"But nineteen-year-old Michael Morrow isn't like the rest of the family. He doesn't take pleasure in the screams that echo through the trees. Michael pines for normalcy, and he's sure that someday he'll see the world beyond West Virgina. When he meets Alice, a pretty girl working at a record shop in the small nearby town of Dahlia, he's immediately smitten. For a moment, he nearly forgets about the monster he's become. But his brother, Rebel, is all too eager to remind Michael of his place . . ."

~ Jacket copy




To distill it down to dregs, this book is the love-child of The Texas Chainsaw Massacre, Deliverance, and Wrong Turn.  The Morrows are the stereotypical Appalachian hillbillies turned serial killers.  However, despite their familial bonding, one of the children dreams of a life outside of "family business" and longs for to escape the life of a rural hick stuck in the West Virginia countryside.


 
Michael is unlike his brother, Rebel, he dreams of a life outside of the his old farmhouse.  He does his job because that is what is expected of him, but he looks on it with resignation.  He holds onto little postcards and pictures he's seen of far off places like Hawaii and New York City, and he dreams of one day being one of the many dreamers flocking to find his place.  However, he knows he can never leave Misty, his older sister.  So his dreams, like the many strawberry blondes, are killed and forgotten.  Until he meets Alice . . .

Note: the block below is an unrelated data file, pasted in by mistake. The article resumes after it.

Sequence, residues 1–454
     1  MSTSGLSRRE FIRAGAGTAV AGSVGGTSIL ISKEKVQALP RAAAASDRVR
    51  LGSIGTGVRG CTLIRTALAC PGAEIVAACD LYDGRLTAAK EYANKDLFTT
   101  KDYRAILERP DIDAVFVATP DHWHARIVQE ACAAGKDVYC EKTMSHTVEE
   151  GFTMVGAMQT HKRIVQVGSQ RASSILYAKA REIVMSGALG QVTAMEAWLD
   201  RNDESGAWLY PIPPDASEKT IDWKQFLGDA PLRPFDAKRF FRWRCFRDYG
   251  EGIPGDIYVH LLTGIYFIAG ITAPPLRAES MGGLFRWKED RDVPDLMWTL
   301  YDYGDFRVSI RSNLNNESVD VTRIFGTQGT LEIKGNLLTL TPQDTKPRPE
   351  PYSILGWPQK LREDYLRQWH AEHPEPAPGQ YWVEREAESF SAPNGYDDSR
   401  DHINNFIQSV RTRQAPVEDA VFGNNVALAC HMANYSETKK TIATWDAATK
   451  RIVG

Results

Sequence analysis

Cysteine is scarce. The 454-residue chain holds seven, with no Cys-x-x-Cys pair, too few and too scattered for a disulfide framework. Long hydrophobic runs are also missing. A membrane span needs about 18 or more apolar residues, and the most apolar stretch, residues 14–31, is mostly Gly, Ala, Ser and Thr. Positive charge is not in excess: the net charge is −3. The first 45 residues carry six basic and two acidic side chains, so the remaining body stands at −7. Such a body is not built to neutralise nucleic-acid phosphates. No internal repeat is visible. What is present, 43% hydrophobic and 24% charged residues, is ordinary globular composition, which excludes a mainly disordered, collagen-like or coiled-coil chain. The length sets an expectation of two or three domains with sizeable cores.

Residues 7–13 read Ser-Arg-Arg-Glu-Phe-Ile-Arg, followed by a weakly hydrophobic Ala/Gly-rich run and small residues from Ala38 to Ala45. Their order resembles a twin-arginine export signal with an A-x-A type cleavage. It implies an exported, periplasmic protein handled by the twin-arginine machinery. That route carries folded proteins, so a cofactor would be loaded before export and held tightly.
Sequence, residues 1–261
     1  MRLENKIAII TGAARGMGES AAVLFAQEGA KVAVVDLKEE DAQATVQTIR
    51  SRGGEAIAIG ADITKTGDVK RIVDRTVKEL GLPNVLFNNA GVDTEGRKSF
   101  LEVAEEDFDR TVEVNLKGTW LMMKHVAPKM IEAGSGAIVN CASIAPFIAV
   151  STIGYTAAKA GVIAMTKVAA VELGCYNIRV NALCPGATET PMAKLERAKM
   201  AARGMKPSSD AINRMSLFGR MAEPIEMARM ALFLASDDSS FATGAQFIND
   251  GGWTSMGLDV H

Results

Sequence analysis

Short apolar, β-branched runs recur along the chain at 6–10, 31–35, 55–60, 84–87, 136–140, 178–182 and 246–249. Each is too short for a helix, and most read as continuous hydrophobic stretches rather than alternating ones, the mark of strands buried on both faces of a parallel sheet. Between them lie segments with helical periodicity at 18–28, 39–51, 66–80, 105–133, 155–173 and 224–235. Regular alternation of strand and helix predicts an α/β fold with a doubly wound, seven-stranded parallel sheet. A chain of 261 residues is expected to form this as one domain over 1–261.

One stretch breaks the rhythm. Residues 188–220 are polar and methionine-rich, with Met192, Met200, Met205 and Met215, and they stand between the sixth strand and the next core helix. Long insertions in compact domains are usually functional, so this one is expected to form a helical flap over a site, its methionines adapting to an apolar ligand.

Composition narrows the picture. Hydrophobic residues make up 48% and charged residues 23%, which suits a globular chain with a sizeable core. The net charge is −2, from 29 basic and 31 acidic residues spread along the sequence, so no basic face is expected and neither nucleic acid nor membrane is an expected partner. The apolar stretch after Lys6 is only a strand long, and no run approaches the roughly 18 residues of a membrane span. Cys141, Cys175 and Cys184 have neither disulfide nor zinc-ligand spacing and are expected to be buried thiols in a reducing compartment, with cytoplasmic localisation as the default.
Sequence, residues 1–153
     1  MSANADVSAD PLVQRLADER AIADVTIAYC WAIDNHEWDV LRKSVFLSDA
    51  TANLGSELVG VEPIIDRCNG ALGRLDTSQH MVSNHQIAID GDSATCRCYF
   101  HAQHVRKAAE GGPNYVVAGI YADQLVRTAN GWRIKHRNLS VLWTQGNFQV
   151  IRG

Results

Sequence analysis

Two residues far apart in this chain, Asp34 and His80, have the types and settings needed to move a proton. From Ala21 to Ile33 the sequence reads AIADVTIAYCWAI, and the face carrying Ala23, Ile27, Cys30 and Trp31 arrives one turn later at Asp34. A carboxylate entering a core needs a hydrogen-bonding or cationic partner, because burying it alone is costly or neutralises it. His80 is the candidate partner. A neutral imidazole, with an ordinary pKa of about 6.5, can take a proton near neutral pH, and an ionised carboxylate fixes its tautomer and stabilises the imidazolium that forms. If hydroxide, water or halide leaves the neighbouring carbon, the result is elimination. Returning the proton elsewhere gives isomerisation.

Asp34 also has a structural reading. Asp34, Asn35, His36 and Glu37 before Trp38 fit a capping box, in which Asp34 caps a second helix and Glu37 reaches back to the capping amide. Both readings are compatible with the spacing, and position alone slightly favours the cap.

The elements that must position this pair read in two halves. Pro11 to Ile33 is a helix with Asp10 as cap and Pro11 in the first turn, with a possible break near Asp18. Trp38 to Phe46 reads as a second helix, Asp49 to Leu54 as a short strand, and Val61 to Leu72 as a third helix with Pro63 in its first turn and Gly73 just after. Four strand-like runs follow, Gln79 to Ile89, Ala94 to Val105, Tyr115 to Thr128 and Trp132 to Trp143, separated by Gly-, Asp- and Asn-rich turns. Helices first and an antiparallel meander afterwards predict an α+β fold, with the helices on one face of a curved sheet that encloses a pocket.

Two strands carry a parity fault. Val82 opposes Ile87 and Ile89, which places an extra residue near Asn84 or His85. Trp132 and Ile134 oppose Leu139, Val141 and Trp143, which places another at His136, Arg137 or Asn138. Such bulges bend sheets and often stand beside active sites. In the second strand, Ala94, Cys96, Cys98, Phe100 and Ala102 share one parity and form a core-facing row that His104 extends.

When this book first popped up on my feed, I knew I was in for something extremely sick and twisted.  However, I was complete unaware of the depths Ahlborn would go with this book.  The chilling aspect of this book is not necessarily the "family business" or how the family "survives off the land," it is slow, methodical torture and grooming.

At some level, this book can be seen as a macabre version of Romeo and Juliet or even Alice's Adventures in Wonderland (it was not lost on the reader that Lucy's last name was Liddle).  However, that would almost be a gross injustice.  It is more a danse macabre.